Union membership in Australia now sits at just 19 per cent of the workforce, the lowest level since the 1900s. With membership in decline, Australian trade unions are in a dire situation. In industries ranging from mining to telecommunications, several of their strongholds have been blasted to bits. Worse, less than one in ten young workers signs up to the union cause.
And yet unions retain a public relevance as great today as ever before. The Your Rights at Work campaign was largely responsible for bringing down the Howard government. One half of all working Australians regularly report that they would "rather be in a trade union".
Why is it that unions have become so weak and yet retain such pulling power? The conservatives see only one side of the question. Commentators such as Janet Albrechtsen argue that the days of "union domination," class conflict and strikes are a thing of the past: "We’re all individuals now". Others suggest that the problem is the decline of blue-collar industry. The sons and daughters of yesterday’s wharfies and coal miners are call centre operators and Starbucks staff, genetically impervious to the appeal of trade unionism.
These arguments are as absurd as they are self-serving. If "we’re all individuals now", why was WorkChoices such an electoral stinker and why did the ACTU’s Your Rights at Work campaign strike such a chord? If structural change in the workforce is the problem, why were the unions able to turn the timid staff associations of nurses and teachers of the 1950s into militant unions in the 2000s?
The new employer militancy exemplified today by Qantas and Telstra is one obvious partial explanation. Employers have donned their hard hats and taken an axe to unionism amongst their workforces, sacking union activists, ripping up established arrangements and preventing union organisers from meeting staff.
Governments too have been gunning for trade unions. Waves of government industrial relations "reforms" have sought to box the unions in, with WorkChoices being the most obvious case. The Rudd Government shows no signs of wanting to reverse this trend.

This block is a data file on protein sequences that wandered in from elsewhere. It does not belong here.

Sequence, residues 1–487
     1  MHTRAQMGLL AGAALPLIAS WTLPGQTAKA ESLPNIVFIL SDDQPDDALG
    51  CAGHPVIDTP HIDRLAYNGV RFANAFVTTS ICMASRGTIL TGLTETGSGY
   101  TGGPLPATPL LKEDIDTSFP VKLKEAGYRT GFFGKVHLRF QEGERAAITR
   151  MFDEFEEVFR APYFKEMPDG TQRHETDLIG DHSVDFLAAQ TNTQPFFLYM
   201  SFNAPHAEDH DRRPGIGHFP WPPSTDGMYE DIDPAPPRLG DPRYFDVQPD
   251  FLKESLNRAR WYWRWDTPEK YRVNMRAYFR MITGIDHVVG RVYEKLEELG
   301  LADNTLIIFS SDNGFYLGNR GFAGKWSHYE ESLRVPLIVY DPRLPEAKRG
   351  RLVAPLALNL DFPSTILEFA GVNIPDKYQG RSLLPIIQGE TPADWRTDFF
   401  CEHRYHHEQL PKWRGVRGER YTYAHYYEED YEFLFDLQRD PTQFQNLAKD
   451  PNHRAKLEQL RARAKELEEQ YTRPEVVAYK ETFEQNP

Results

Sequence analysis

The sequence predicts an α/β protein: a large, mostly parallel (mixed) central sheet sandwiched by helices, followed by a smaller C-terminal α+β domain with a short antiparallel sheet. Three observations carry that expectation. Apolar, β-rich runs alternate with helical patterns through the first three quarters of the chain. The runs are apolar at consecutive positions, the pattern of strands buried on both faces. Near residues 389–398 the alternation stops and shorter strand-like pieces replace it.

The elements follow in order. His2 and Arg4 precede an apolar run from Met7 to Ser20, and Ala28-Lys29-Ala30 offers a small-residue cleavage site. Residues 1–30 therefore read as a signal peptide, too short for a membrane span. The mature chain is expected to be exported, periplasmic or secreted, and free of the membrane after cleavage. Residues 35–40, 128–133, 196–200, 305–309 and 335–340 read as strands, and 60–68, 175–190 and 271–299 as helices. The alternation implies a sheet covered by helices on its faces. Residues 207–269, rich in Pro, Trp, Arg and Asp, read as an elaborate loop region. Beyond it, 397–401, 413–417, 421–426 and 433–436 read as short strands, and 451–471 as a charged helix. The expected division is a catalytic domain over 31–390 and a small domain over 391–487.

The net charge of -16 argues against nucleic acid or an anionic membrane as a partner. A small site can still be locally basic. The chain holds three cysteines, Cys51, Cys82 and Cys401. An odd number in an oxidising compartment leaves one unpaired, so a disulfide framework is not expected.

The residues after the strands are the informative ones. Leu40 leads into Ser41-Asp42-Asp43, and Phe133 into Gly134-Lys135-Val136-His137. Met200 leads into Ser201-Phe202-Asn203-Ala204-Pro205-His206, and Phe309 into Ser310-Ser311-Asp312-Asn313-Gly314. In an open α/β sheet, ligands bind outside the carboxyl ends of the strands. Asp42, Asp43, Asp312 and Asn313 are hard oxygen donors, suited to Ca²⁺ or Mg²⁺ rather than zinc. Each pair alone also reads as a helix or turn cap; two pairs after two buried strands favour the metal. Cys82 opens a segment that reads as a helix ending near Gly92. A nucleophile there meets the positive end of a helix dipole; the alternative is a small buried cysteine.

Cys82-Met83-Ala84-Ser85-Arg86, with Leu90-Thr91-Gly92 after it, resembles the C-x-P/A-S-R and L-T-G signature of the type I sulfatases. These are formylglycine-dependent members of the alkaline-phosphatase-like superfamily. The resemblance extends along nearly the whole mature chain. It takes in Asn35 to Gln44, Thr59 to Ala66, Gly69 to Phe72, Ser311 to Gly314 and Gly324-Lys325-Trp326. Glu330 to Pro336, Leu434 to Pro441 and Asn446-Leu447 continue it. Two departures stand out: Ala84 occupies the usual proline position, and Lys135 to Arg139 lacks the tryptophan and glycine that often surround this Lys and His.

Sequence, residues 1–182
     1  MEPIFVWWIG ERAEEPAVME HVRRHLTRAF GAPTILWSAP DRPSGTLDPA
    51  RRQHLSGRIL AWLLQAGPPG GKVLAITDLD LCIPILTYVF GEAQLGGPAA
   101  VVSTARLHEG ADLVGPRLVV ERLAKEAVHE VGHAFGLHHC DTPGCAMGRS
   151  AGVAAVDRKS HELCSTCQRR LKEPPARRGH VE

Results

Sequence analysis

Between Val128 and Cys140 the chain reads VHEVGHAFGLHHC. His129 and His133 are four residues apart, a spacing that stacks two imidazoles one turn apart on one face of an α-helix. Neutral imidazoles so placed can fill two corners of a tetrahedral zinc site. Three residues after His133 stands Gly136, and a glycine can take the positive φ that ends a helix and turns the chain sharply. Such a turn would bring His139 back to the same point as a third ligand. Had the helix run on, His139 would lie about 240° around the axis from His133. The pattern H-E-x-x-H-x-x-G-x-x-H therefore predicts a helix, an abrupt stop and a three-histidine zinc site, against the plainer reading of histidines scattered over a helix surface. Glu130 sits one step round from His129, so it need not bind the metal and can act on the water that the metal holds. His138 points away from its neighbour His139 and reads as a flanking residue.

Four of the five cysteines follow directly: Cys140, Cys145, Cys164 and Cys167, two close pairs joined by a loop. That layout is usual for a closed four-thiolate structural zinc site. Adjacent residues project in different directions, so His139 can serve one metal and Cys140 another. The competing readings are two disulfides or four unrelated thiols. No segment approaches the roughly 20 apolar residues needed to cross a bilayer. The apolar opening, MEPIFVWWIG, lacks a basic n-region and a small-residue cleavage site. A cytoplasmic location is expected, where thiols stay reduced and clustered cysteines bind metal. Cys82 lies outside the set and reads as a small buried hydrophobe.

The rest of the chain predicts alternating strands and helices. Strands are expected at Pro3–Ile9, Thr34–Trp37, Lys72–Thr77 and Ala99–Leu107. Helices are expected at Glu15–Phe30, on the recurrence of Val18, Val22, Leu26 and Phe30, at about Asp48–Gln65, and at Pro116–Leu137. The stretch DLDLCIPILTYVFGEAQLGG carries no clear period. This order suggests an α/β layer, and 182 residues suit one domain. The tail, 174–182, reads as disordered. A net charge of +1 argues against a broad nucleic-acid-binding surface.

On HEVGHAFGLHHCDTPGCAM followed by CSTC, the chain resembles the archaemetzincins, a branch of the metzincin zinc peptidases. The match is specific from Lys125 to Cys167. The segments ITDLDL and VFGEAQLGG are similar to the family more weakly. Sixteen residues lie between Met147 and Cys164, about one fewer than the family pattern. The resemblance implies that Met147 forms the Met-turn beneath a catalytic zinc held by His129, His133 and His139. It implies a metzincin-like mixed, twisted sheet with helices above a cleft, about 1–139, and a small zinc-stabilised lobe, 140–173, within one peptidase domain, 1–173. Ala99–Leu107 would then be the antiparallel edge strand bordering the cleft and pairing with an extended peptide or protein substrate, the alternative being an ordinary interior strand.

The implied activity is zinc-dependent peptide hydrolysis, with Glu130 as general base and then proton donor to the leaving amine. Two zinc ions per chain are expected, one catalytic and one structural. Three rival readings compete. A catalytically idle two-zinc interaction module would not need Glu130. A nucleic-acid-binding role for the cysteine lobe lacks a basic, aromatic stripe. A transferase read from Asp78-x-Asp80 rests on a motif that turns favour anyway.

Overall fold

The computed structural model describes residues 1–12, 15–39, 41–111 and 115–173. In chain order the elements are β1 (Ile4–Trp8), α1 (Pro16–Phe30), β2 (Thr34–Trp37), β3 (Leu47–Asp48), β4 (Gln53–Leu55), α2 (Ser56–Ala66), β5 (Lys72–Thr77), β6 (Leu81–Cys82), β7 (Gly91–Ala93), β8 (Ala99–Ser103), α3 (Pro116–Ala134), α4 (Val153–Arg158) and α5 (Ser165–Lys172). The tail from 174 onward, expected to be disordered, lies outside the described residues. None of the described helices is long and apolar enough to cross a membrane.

But hostile bosses and governments can’t be the decisive factor explaining union decline. There is nothing new in their hostility to unions — the Melbourne Club has never resonated with the sound of employers discussing ways to make the life of union organisers easier. And unions have been able to grow in the past even with hostile governments in power, as they showed during the Fraser years.
The crucial factor explaining union decline is that unions have forgotten how to fight. Whereas the Albrechtsens of the world suggest that workers won’t join unions because they are identified with conflict, the historical record reveals that it is exactly when unions do fight for workers’ rights that workers join in droves. During the strike wave of the late 1960s and early 1970s, union membership soared by 32 per cent.
The beginning of the rot came precisely at the time that the leaders of Australian unions embarked on a cunning plan to strengthen trade unionism by forswearing workers’ most powerful weapon — the strike. This was the Accord arrangement between the ACTU and the Hawke and Keating Governments, negotiated in the lead up to the 1983 Federal election and in place until 1996. The ACTU leadership policed the union movement for 13 years, rubber-stamped a 13 per cent cut in real award wages under Hawke and then engineered a series of wage-fixing schemes that allowed workers to boost their wages only by accepting work intensification and give-backs. As workers saw their wages and conditions sold off by their own unions in the name of "workplace reform", so unions lost their appeal. If unions wouldn’t fight for better wages and conditions or for job security, what incentive was there to join?
With the election of Howard, union strategy did not change in its essentials. Cosy chats with government ministers were gone, but union leaders still insisted that "they had to keep their powder dry" when facing the most sustained decline in union coverage in Australian history. Even when staring down Chris Corrigan in the 1998 Waterfront Dispute, the nation’s union leaders were desperate to ensure that the massive sympathy for the wharfies did not develop into support for large solidarity strikes. The most urgent wish of the union leaders was for "partnership" with business. But with union membership plummeting, business could now sideline the union leaders, leaving them clutching at thin air.
The pressure of a world economy going from bad to worse urged bosses onwards: a dollar saved today by gouging the workforce could be the difference between being prey or predator in the corporate shark pool.
The conservatives are wrong. It is not that workers are "so over" trade unions. The Your Rights at Work campaign shows the deep pool of support that unions can draw from. The 2007 election result confirmed it. The challenge facing unions is to put aside the failed strategies of compromise and concession pursued over the past quarter century and reach back to the weapons of yesterday that actually built trade unions — the strike, the picket line and workers’ solidarity.
Tom Bramble’s new book, Trade Unionism in Australia: A History from Flood to Ebb Tide, published by Cambridge University Press Australia, is out now.
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